When the Life Force Can’t Fight the Death Wish
I was talking to a friend I meet every week for lunch and we were catching up before we ordered. “I had to go to a funeral this weekend,” Tom said. “I told you my neighbor died, didn’t I?”
“I don’t think so,” I said. “How did he die?”
He got a funny look on his face, shook his head. “Shot himself.”
It was the story you often hear. The man was 73 years old, retired, apparently well-off, seemed perfectly happy. Tom would see him on the street and they would talk. He’d had him over for dinner a time or two. There was never any suggestion of depression or deep unhappiness. Yet suddenly, out of the blue, he’d done this terrible thing, which shattered his family and friends.
This sad story brought up other things we’d recently talked about. Tom had had a friend who died after a medical procedure, but a doctor—unbeknownst to the man’s wife—had recommended the procedure years before, when it would have been less dangerous, and the man had said no, he wasn’t interested. A very good friend of mine, who died suddenly of a heart attack, had apparently stopped taking his blood pressure—again, without his wife’s knowledge—despite the fact that his uncorrected pressure was quite high. He’d once told me that he thought his high blood pressure was what would kill him.
He’d stopped taking his medicine just the same, and stopped taking care of himself in other ways.
I was reminded of some words of Shozan Jack Haubner in the introduction to his book Single White Monk. I haven’t actually read the book, but would have to say that the introduction, which I read standing up at the bookstore, is worth the whole price. It made me violate my cardinal rule of book buying: never buy a book on the first day you see it.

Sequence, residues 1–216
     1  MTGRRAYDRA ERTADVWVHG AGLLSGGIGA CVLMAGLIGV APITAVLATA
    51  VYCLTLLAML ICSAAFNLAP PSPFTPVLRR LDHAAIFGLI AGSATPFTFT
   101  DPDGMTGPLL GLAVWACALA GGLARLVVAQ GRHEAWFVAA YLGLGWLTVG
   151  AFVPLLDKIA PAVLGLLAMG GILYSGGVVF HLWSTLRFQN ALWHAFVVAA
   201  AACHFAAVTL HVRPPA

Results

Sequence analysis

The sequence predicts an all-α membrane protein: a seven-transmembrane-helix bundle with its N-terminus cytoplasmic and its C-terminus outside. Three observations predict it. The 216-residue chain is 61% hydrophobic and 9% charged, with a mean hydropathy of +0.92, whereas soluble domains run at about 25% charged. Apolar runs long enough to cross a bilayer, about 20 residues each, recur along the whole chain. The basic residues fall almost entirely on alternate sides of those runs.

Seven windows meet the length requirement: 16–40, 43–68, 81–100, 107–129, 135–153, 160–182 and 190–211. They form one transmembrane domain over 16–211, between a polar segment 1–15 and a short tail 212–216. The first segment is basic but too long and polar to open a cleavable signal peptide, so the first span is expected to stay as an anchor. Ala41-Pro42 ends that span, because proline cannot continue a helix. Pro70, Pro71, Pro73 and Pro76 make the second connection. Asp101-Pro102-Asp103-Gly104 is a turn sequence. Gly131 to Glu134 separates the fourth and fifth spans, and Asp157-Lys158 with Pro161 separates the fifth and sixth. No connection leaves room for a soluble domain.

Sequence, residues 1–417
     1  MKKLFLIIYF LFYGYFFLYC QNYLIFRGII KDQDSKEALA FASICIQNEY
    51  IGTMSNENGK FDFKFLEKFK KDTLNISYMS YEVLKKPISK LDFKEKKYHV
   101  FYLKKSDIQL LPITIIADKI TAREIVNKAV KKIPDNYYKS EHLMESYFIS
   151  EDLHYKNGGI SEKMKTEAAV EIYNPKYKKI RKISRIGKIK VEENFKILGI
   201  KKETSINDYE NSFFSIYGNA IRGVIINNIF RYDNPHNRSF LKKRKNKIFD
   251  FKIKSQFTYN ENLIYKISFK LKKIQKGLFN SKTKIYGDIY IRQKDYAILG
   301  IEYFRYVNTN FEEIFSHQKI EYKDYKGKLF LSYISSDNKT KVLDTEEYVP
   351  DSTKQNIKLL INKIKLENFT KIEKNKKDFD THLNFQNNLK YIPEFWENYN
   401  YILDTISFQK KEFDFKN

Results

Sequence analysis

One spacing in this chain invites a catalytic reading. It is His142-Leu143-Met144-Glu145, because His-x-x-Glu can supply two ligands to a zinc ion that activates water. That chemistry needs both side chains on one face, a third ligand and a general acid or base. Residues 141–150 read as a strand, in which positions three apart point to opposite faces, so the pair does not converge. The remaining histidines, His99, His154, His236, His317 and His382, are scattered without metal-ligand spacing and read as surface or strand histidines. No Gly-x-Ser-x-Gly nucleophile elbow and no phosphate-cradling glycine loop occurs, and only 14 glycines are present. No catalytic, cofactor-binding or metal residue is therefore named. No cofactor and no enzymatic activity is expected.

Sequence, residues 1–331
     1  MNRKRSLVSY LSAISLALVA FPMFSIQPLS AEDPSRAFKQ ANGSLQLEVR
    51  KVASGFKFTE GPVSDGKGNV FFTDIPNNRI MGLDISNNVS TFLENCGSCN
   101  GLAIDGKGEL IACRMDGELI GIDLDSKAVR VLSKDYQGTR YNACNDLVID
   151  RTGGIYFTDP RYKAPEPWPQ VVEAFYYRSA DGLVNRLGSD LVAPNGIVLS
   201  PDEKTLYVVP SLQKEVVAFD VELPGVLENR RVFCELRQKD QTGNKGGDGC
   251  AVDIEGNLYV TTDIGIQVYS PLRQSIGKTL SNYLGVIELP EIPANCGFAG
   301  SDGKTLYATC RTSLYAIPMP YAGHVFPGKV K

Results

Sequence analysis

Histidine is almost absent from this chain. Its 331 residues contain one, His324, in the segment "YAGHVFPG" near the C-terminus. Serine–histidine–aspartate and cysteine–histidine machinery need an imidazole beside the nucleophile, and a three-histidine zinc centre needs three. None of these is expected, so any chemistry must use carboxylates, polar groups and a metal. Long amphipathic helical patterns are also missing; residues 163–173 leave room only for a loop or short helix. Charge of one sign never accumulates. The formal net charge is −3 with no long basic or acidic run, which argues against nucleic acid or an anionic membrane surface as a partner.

Haubner was talking about a moment of despair that came over him in the zendo, when he started to cry. “I wasn’t afraid of being dead, I was afraid of the way death slowly takes over your life: in a silent moment when you know you will never fall in love again; when you realize you’ve been faking it at your job for decades and the younger generation is not fooled. Sitting in the zendo that night, I realized I was now headed inexorably toward death. . . .
“This is the great death that awaits all of us in middle age—the death of our illusions, of the fantasy that we can get life completely right, that our team will finally win.”
Haubner is some years younger than I. Hate to mention it, but this feeling just gets worse.
I’ve always thought that people take their lives because they suffer from a dark and incomprehensible condition known as depression, and I still think that’s true. But I remember reading about Hemingway once that he had made various suicide attempts—and finally succeeded at one—because he could no longer do the things he’d loved. He couldn’t go out in his boat and go fishing, couldn’t go to Africa and hunt, he couldn’t—perhaps—make love to women anymore, couldn’t write. (He had severe problems writing in his final years.) The things that had made him who he was, the things that made him Hemingway, were gone. So he killed himself.
I’ve often thought that everything in the universe follows a pattern of expansion and contraction. A day expands and contracts. A year. A human life. The ocean. Our lungs. Our heart. The universe itself, apparently. Expansion, and then contraction. I’m not sure where one ends and the other begins—I think Shozan Jack Haubner may be feeling sad a little early—but I’m quite sure that, at the age of 69, I’m in the contraction phase.
Some people seem unable to face it. I see it everywhere, in people who seem desperate to stay young (and often look all the older for trying). I also hear little hints, in stories like the one about my friend’s neighbor, or the guy who didn’t have the medical procedure when it could have helped him, or my friend who gave up on his blood pressure meds.
I can’t help thinking, though, that there’s something good about the contraction phase, as things gradually fall away. Some old people have a gleam in their eye. The things we once believed in and that gave us energy—Shozan Jack Haubner’s idea that he could get his life right or that his team would finally win (that anyone will finally win, or finally do anything)—are illusions. When you give up illusions you might see the truth.
There’s a way in which the Great Death is something we need to go through. There’s a way in which a death wish is itself an illusion. Death comes soon enough, whether we want it or not. There’s something unseemly about hurrying it.
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